Expanding populations are growing older. However, unlike old-world ways, modern society has devalued the elderly and their worth. This is evident in the U.S.’s massive workforce shortage dedicated to helping elderly patients with conditions like Alzheimer’s disease and dementia, despite being vastly funded.
Alzheimer’s disease rates in the U.S. are soaring exponentially. Currently, a new case of Alzheimer’s and other dementias occur every 66 seconds, and by 2050 the rate is expected to be 33 seconds. 10% of people over age 65 have Alzheimer’s dementia and two-thirds of them are women. Since 2000, deaths from Alzheimer’s disease have increased 89%, that’s to the point of 1 in 3 seniors dying with dementia.
The World Alzheimer Report studies health care for people with dementia. In 2016 they reported that healthcare services are overspecialized and need to be rebalanced in order to increase capacity and improve the coordination and integration of care. They also present economic models that show how to address the growing problem citing some .5 percent of healthcare expenditure is all that’s needed.
Alzheimer’s, like all types of dementia, is a neurodegenerative disease causing the progressive death of brain cells, impairing memory, communication and language skills, concentration, reasoning, and visual perception, among other functions. Brain cells of the hippocampal region are often the first to be damaged by the disease, which is why memory loss is one of the earliest symptoms of Alzheimer’s.
Build up of proteins and other substances in and around brain cells make it hard for them to stay healthy. As result neurons dissociate, brain matter shrinks, and the atypical behavior of dementia is shown, such as memory loss and confusion.
Recent studies have changed the direction of Alzheimer’s research. While it’s still debatable, new research points to mitochondria in the brain that begin to dysfunction, as we get older. Mutations of mitochondrial DNA cause them to produce destructive free radicals whose oxidative activity destroys neurons. Research is showing that Tau protein accumulating in the brain may be triggering mitochondrial distribution deficits.
Alzheimer’s Disease is an incurable disorder in the brain that severely degrades abilities of memory, self-care, and quality of life. Those suffering dementia, and their caretakers are experiencing major physical, emotional, and economic burdens.
There is no cure for the disease and current medications can only slow down the progression of the disease. Ideally, a preventative approach is best at combating this growing problem in population. Diet, exercise, and lifestyle have been proven to be key factors in maintaining optimum health in the brain and body as we age.
The most common medications for Alzheimer’s disease are Cholinesterase Inhibitors that can cause a barrage of unwanted side effects. Most Alzheimer’s medications in other countries were removed shortly after hitting market due to people dying so frequently after beginning use. It's vital to note that no one’s condition is improving from these medications.
Out of all the Alzheimer’s drugs tested between 2002 and 2012, 99.6% of them failed in clinical trials. Despite countless years of failed studies, [Big Pharma] continues to fund research into synthetic compounds, and companies such as Merck & Co. and Eli Lilly & Co. have plans to cash in on the potentially $30 billion Alzheimer’s market by releasing 35 new drugs over the next few years. Current research shows there hasn’t been much improvement in the new Alzheimer’s medications.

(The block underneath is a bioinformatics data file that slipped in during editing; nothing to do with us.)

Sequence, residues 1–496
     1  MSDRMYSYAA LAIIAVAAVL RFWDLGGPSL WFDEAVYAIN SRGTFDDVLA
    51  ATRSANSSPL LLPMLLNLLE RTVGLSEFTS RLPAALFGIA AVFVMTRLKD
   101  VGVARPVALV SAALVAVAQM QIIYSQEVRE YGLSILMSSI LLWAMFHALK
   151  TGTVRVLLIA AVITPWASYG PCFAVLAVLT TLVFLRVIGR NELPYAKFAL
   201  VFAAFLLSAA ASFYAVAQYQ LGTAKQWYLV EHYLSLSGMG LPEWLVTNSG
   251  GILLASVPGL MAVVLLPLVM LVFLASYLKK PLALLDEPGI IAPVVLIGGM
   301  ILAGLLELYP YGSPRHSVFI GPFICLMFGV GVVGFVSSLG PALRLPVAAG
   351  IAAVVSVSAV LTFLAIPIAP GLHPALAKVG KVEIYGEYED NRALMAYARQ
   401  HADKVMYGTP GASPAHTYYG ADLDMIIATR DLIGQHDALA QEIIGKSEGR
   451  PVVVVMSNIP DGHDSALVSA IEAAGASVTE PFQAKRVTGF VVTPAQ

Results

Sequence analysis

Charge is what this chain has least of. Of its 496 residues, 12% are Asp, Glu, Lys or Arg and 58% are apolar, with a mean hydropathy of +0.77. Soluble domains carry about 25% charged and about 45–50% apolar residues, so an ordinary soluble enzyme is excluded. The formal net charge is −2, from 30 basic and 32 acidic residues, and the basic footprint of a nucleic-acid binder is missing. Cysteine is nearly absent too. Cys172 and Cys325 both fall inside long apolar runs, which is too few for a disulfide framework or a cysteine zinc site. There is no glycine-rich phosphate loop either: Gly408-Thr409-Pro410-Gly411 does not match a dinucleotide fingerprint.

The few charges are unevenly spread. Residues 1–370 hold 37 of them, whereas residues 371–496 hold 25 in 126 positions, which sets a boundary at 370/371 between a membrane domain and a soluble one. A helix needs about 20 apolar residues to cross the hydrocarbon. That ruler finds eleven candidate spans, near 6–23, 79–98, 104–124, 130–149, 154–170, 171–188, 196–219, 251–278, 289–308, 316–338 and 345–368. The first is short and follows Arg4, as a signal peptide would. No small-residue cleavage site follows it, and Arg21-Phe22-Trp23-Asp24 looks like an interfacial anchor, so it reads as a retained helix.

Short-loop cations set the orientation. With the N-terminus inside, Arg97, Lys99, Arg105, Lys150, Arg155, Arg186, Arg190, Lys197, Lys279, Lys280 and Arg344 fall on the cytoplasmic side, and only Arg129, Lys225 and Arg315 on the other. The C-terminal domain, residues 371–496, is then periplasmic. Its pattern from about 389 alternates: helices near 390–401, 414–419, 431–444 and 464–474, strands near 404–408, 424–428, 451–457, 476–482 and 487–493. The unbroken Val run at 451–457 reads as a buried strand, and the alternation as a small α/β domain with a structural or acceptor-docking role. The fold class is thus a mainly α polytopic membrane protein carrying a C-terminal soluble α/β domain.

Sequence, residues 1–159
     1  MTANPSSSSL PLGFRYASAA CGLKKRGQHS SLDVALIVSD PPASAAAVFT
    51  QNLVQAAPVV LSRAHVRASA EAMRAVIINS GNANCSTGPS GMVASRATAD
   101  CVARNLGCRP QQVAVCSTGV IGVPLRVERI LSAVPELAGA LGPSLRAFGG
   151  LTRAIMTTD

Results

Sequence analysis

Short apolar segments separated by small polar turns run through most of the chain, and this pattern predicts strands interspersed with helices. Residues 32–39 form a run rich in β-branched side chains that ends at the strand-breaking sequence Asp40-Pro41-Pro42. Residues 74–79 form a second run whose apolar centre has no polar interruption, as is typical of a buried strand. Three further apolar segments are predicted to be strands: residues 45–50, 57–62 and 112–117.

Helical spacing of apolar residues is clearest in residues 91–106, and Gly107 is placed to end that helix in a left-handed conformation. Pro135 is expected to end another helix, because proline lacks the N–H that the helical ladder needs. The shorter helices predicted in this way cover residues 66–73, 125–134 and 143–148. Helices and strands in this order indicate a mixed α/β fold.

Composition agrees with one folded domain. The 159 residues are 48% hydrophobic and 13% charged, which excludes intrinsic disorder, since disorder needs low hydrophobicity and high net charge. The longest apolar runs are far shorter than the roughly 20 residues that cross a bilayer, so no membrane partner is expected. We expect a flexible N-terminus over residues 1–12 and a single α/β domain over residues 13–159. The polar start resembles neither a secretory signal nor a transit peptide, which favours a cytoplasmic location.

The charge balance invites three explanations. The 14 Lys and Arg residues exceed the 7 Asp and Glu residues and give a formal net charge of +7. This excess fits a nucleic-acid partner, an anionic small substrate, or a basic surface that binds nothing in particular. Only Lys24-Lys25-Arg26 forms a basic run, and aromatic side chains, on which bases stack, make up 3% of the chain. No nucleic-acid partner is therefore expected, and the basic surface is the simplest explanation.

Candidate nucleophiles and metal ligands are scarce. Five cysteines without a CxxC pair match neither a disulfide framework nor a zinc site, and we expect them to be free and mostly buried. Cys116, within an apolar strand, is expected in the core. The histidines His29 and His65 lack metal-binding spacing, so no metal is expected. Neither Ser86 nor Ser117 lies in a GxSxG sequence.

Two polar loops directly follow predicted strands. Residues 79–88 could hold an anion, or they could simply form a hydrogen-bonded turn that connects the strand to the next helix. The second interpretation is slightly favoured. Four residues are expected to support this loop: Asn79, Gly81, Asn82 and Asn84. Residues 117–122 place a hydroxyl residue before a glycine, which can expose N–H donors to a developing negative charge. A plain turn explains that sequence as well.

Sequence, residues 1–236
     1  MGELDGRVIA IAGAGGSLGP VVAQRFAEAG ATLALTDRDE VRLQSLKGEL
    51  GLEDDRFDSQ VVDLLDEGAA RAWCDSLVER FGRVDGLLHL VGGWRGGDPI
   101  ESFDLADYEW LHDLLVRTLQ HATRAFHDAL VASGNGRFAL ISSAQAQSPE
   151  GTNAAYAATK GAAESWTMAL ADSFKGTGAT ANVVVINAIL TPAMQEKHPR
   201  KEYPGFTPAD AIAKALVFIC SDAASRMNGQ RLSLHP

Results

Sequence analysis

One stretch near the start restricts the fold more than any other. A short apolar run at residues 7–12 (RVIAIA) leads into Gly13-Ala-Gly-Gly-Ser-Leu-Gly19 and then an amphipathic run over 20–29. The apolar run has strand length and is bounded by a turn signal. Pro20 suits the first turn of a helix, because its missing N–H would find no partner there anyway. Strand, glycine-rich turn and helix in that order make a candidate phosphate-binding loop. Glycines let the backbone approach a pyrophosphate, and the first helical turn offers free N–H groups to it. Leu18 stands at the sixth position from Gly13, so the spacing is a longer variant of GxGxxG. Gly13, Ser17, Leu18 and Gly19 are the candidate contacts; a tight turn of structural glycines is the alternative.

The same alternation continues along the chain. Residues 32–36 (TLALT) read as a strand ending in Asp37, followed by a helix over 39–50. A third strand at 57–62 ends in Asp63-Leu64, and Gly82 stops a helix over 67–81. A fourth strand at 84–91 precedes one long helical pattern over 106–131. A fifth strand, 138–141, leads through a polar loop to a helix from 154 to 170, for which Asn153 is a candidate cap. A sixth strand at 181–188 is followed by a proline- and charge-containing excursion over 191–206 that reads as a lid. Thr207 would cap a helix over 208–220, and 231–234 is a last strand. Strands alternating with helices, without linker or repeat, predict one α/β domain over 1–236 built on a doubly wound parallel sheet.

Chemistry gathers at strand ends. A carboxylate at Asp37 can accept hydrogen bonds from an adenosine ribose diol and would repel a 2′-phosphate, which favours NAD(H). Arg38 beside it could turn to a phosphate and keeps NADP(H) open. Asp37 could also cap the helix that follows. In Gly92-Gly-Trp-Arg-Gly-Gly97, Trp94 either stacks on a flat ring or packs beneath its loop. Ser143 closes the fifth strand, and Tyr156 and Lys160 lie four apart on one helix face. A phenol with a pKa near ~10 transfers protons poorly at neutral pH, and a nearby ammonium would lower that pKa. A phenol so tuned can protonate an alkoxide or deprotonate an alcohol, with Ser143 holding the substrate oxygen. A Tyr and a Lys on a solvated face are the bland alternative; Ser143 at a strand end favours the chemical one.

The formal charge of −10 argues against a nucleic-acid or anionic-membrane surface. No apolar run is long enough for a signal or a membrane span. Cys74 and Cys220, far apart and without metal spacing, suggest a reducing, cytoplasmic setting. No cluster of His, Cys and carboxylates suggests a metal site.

Various clinical studies over the years have causally linked THC to a slowed progression of dementia. One connection is that THC reduces amyloid protein buildup in the brain. Recent research indicates that cannabinoids exhibit [pleiotropic activity], targeting many processes that play key roles in Alzheimer’s disease.
The cannabinoids and terpenes found in medical marijuana have proven to help Alzheimer’s patients by increasing tau protein processing and reducing brain inflammation. The compounds in cannabis also target excitotoxicity, mitochondrial dysfunction, and oxidative stress due to dementia. Further research into cannabis’ neuroprotective properties could result in safe medicines for hard to treat neurological disorders such as Alzheimer’s.
Medical marijuana has also been shown to help manage the changes in psychological and physiological behavior typical of Alzheimer’s because of its ability to bind to [receptors] in the endocannabinoid system, modulating feelings of anxiety, depression, hunger, and many more.
Marijuana may help prevent early onset of dementia, and it has helped many people find relief from associated symptoms of the disease, but there is still no cure even if Big Pharma promises they’ve found it. The following list of High CBD and Hybrid Strains may be helpful in preventing the disease and managing acute and chronic symptoms.
· [[13 Dawgs]]
· [[Afternoon Delight]]
· [[Alien Reunion]]
· [[Blue Bastard]]
· [[Blueberry AK]]
· [[Blueberry Lambsbread]]
· [[Chunky Diesel]]
· [[G Stik “Orange”]]
· [[Grand Hindu]]
· [[Green Haze]]
· [[Green Hornet]]
· [[Green Monster]]
· [[Honey Boo Boo]]
· [[Kali Dog]]
· [[Kill Bill]]